Ministry of Margaret Nelson
Uganda, Africa

December 14, 2005


The Christmas season always sneaks up on me in Uganda, even after 7 of them! It?s sort of like ?Christmas in July? with our clear, hot 95-degree December weather. The Christmas music I hear in public places sounds discordant in the early part of the month. But I soon begin to enter into the spirit of the season, with helpful reminders coming in the from of emails from friends and family, telling me of cold weather, snow, and holiday preparations from home.

I loved the white Christmases we experienced in Spokane, WA, where we lived for 21 years. Nineteen of them were white. In Uganda I have a white reminder, even with our hot weather, when we get our biggest bloom of the year in the coffee plantations. The blooms and the beans grow on the length of each branch on each bush, and it gives the appearance of how snow will settle on the branches of trees. But there is also a wonderful scent that comes with our ?white Christmas,? because the coffee blooms have a delicate, sweet scent, very similar to orange blossoms. It?s one of my favorite things about the Christmas season here.

Coffee plants in bloom.
Coffee plants in bloom.

As I look back over this past year and longer, I have realized how God has been teaching me some wonderful lessons. It has not been an easy year, and yet it has been a wonderful year. I have meditated much upon a song by The Newsboys that very well could be an African Christmas song. It describes a shepherd gazing upon the Christ child, ?wrapped in rags, as we are,? and how the only thing he has to give Him is ?Adoration,? the name of the song. I have found that the worship songs which have ministered the most to my heart this season have been the ones that simply express thanksgiving to the Lord.

I have experienced the death of my mother, strange and serious physical illnesses, healings, snakes in my house and in a boat, the theft of my truck, the near loss of new truck and life in a serious rollover accident, the betrayal and deceptions of a perceived friend. All of these have served in their various ways to teach me to trust the Lord in new, undreamed of ways. In James 2:5 the Bible says that the poor of this world are blessed because God has chosen them to be rich in faith. I have pondered that much, living in one of the poorest countries in the world, and I have concluded that such great faith comes from their very lack. Those of us from richer countries have many options that we too often try before seeking God in prayer. But in Uganda, people often have no such options, so the believers can only turn to God and cry out to Him. What God has done for me this past year has been to put me in situations where I had no options. And my faith has grown proportionately.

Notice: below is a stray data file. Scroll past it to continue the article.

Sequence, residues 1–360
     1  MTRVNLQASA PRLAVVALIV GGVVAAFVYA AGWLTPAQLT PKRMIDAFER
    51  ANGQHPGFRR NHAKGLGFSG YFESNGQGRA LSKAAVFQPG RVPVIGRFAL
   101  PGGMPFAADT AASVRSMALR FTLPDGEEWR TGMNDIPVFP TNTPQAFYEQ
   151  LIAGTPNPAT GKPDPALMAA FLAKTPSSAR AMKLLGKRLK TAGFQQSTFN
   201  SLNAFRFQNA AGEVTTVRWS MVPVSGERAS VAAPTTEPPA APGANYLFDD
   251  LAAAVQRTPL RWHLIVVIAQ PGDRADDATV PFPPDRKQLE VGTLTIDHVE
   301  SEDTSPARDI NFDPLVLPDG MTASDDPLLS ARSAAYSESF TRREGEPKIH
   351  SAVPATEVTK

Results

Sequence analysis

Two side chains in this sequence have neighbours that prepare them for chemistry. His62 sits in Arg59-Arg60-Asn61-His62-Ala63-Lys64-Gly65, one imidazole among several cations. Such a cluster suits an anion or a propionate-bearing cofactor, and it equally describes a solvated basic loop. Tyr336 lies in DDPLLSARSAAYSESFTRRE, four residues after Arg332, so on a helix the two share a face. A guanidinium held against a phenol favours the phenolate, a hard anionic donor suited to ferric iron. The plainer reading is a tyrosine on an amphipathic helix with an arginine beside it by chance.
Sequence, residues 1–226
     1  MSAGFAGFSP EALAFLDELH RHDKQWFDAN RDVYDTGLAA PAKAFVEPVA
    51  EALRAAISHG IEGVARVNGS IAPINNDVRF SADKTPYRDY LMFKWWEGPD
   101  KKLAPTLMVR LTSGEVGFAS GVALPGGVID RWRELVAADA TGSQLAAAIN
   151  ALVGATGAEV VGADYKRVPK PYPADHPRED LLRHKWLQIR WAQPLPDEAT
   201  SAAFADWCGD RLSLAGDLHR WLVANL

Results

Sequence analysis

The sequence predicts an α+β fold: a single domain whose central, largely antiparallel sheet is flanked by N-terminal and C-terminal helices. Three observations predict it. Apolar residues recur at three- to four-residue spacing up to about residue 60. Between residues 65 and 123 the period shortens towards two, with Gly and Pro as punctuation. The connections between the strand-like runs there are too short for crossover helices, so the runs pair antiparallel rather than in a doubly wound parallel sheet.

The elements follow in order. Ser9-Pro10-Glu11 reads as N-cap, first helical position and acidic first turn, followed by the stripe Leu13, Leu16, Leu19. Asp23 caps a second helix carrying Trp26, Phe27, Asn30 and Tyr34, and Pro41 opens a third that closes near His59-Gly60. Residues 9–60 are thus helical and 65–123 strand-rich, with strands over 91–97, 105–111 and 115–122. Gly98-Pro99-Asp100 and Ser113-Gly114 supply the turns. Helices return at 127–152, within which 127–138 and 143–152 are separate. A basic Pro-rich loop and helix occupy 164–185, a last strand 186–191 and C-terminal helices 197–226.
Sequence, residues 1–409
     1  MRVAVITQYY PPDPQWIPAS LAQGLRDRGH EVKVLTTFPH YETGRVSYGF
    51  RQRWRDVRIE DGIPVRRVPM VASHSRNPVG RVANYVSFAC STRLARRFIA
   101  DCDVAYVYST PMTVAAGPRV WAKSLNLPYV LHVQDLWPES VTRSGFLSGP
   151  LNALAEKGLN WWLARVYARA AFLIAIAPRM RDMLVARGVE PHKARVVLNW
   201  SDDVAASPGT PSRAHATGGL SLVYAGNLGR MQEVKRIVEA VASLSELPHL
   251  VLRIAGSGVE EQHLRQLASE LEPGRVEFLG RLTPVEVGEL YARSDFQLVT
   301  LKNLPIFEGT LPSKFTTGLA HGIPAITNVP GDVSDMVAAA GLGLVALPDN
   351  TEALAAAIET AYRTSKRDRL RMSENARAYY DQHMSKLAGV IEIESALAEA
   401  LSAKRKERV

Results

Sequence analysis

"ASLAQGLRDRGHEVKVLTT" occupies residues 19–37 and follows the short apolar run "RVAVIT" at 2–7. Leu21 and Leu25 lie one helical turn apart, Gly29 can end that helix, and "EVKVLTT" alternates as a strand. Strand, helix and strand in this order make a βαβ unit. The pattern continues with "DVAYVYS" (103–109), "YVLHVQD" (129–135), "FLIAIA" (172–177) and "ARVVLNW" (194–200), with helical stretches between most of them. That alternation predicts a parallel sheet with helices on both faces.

Sometime in my early years in Uganda, God gave me a vision where I saw a dark night sky, lit only by stars. Even starlight is so bright in Uganda that I was able to see the outline of the tropical forest, stretching to the horizon. Then I saw the huge figure of an archer rise up above the forest, stretching his bow string to its maximum. As his huge arrow arced its way across that night sky, its trajectory taking it ever so far out into that jungle forest, God spoke to my heart. He said to me, "You are that arrow. I am sending you far out into the wilderness, but later, others will follow."

After a few years a few tentative visitors began to come. Two years ago, I hosted my first team, a group of mostly medical professionals. Then this year, from June until December, we enjoyed a steady stream of teams and visitors. All of them contributed fruitful ministry to the work here in central Uganda. In addition, God has touched the hearts of a number of Ugandans coming out to minister at times with us, from the Kampala Foursquare Gospel Church.

God has been true to His word, as He always is, just as when He sent us His Son. So as I close out this wonderful, crazy, busy, difficult, sad, happy, fruitful year, my heart is indeed thankful and full of adoration for my Lord and Savior.

Have a Merry and Blessed Christmas!

Margaret Nelson